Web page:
Read more via PND News.

October 19, 2010

Karen Winnick Receives Arents Award from Syracuse University

Posted in Philanthropy at 8:01 pm by philanthropynews

Karen Winnick, chairman of the Winnick Family Foundation, was honored by her alma mater, Syracuse University, at a campus ceremony on October 15 for her work as a children’s book author, illustrator, philanthropist and literacy advocate. Winnick, who graduated from Syracuse University in 1968, received the George Arents Award during the University’s Orange Central homecoming celebration on Friday, October 15 on the Syracuse campus.

Three other distinguished graduates of Syracuse University were also honored on October 15: film and music producer Suzanne de Passe, social activist and advocate for the disabled Brian McLane, and video artist Bill Viola.

Winnick received a bachelor of fine arts degree from the College of Visual and Performing Arts at Syracuse University. She has also studied in Florence, Italy, and at New York University, the School of Visual Arts and the University of California, Los Angeles.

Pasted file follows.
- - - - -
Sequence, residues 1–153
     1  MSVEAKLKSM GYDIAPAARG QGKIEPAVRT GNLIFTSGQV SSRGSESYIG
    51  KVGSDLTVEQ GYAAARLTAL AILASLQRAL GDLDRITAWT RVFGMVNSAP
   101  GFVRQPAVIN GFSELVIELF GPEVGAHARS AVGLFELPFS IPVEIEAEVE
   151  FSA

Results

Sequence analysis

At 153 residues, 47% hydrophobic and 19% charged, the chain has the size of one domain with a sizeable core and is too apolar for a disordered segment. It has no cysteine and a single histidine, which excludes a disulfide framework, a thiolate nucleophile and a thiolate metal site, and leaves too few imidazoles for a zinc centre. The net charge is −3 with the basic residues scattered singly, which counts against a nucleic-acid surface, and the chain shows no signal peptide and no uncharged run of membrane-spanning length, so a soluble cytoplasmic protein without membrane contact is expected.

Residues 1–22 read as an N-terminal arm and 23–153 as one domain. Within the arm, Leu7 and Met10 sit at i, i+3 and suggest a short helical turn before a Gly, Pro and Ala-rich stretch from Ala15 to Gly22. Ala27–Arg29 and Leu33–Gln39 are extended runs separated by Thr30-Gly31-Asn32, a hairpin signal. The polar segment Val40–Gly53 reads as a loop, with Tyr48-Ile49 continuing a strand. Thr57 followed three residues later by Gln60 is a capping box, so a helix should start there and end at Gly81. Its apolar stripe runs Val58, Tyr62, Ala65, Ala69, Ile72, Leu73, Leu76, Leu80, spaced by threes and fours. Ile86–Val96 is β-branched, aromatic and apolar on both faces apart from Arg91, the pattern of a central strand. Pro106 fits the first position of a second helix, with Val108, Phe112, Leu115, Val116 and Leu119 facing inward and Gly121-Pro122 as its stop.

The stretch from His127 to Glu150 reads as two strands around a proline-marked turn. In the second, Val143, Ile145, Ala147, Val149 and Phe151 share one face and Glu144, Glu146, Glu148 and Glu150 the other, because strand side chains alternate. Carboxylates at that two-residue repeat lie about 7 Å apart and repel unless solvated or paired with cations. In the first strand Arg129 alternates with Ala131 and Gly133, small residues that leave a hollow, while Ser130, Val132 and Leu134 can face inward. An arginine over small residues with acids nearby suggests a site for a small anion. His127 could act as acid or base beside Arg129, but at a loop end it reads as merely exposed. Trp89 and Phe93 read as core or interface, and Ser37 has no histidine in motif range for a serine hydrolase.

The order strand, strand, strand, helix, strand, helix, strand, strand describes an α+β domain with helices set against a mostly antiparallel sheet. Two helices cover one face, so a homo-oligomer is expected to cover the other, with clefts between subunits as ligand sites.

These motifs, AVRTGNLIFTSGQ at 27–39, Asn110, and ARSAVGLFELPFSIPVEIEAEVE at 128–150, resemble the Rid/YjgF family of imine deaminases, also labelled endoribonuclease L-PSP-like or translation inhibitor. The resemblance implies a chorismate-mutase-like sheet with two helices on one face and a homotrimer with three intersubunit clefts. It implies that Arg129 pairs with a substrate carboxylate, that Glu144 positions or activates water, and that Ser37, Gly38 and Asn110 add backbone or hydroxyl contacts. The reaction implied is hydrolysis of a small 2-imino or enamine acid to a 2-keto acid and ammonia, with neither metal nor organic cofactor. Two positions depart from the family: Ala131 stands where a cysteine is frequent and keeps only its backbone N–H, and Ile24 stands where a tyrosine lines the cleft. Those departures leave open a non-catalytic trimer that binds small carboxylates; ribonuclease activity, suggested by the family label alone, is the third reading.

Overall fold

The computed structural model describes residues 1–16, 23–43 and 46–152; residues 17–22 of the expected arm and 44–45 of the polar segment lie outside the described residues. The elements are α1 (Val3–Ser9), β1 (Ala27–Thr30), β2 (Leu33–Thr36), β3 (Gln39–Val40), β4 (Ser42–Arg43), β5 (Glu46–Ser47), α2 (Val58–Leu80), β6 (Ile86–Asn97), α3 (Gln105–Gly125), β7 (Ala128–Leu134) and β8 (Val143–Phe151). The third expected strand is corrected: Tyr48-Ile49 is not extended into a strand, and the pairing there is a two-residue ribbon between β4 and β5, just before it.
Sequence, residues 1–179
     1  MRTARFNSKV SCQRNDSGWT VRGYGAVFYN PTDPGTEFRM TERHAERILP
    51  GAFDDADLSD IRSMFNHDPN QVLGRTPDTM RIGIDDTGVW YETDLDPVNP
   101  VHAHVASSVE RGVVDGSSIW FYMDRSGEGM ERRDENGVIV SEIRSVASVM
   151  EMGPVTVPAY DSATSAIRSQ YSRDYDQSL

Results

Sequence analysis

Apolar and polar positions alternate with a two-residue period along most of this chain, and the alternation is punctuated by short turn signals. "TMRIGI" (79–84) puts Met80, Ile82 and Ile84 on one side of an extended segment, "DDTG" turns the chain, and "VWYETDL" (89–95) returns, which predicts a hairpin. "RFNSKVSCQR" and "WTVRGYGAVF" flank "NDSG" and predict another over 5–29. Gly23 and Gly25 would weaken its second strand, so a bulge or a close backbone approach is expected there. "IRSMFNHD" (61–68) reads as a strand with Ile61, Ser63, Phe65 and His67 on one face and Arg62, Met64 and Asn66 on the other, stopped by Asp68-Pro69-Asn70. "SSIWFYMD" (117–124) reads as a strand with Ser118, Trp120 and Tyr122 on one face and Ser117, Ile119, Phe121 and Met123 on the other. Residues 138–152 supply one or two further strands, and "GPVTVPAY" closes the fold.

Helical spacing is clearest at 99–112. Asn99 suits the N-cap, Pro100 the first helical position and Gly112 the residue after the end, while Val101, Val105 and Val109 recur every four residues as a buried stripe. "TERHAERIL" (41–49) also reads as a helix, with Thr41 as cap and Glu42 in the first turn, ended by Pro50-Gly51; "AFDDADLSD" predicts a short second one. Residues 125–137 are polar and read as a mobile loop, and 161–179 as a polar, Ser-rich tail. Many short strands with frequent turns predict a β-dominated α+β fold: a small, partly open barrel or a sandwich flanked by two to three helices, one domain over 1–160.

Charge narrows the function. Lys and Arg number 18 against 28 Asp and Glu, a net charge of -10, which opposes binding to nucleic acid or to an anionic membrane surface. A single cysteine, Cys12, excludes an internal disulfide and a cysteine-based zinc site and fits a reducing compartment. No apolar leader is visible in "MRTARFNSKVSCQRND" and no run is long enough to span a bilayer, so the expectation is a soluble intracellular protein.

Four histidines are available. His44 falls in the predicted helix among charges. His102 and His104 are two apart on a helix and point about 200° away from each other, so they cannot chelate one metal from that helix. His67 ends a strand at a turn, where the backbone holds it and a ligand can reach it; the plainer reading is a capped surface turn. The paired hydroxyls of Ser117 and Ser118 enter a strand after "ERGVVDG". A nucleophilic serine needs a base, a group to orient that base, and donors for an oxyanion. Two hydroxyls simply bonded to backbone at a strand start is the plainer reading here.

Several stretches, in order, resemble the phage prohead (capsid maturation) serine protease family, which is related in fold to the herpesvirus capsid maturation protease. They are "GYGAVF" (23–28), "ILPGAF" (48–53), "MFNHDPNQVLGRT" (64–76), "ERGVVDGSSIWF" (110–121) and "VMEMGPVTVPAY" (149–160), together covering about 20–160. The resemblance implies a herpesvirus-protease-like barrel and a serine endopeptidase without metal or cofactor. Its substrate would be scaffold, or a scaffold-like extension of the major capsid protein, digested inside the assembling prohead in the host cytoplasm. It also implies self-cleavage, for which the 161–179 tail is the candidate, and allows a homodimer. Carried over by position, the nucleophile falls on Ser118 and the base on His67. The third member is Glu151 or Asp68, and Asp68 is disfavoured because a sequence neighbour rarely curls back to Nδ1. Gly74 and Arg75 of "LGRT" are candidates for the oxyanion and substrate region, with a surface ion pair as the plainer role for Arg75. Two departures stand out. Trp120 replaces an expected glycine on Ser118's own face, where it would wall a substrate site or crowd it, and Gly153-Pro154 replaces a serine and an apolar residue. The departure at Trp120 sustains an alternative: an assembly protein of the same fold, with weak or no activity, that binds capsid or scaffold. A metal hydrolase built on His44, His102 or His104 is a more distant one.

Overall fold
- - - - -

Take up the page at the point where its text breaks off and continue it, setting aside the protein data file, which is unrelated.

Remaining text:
(Read more via Winnick Family Foundation).

October 14, 2010

Cornell University Center for a Sustainable Future Receives $5 Million Gift

Posted in Philanthropy at 8:47 pm by philanthropynews

Cornell University has announced a five-year, $5 million gift to its Center for a Sustainable Future from entrepreneur Yossie Hollander and his family to support a research project designed to address energy needs in the developing world.